Stem cell research may have taken a great leap forward if a recent discovery of a method to create them using mouse cells proves viable in humans, which could mean that a patient’s own cells could be used for healing. The recent discovery has the potential to make a great impact on cancer research and organ transplants.
Stem cell research has already been used to heal the eyes, brain and heart by transforming cells into the necessary tissue. It has also been shown to regrow missing limbs in animals, but that result has not yet been tested on humans.
The new discovery, published in the Jan. 30, 2014 issue of Nature, came at the hands of Dr. Charles Vacanti, 63, chairman of the Anesthesiology Department at Brigham and Women’s Hospital and a very well-esteemed tissue engineer who also has no PhD.
The cells in question were taken from the spleen of a mouse. When deliberately exposed to adverse environments which included a low oxygen environment, trauma and an acidic environment, the cells became “pluripotent.” Which means that they had the ability to transform into almost all cells present in the human being such as muscle, blood, nervous system cells, lung, bone, and skin cells. The newly discovered cells were named STAP cells, or “Stimulus-Triggered Acquisition of Pluripotency Cells.”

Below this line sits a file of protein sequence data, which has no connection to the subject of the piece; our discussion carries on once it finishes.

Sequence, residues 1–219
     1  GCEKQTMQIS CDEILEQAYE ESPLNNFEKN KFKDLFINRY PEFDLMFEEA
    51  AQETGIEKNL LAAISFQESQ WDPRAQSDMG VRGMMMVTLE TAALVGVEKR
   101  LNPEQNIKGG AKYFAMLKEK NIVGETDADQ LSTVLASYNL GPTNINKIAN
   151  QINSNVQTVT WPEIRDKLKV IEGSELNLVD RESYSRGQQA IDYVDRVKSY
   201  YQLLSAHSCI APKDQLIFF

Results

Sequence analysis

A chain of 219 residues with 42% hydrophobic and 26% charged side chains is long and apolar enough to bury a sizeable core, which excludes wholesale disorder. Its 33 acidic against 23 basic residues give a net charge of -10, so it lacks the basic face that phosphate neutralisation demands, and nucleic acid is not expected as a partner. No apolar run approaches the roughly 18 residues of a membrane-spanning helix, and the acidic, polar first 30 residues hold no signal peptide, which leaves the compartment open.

The STAP cells were injected into the embryos of mice that were in early stages of development. The embryos grew into mice “chimaeras,” or embryos that contain both their original cells and the STAP cells. The new method was deemed to be even more promising when the STAP cells were able to actually grown into the mouse placenta cells. Which indicates that the cells can become different types of cells; a breakthrough in the field of stem cell research.
Stem cell research has historically focused on finding ways to transform adult cells into whichever tissue is desired. To do so, the cell’s nucleus had to be transferred or a way to control the method in which DNA becomes proteins via the addition of complex mixtures of substances.
In 2006, Japan discovered a way to create stem cells from adult cells. They then inserted new genes into the adult cells using viruses. The process resulted in “induced pluripotent stem cells,” or iPSCs.
The new discovery using mouse cells is different in that the cell DNA does not have to be changed and it may even be a faster process. Currently, a patient’s skin sample requires 10 month before it can be usable in their bodies. The financial cost for both the patient and the performer of the procedure is also extremely high. With the new discovery, the time required for a patient’s own cell to become a stem cell usable for healing would be shortened, resulting in lower costs all around.
It also demonstrates that any adult cell can become the same as an embryonic stem cell by using the STAP process. Although the first successful experiment with this new method was done using mouse blood cells, scientists are contemplating an attempt to duplicate the test with human blood cells. Before doing so, more research will be needed to determine what possible problems could occur, as well as how to prevent them. If the new method proves viable in humans, this new discovery for creating stem cells from a person’s own body in order to heal the patient, could have a significant impact on modern medicine.
By Jennifer Pfalz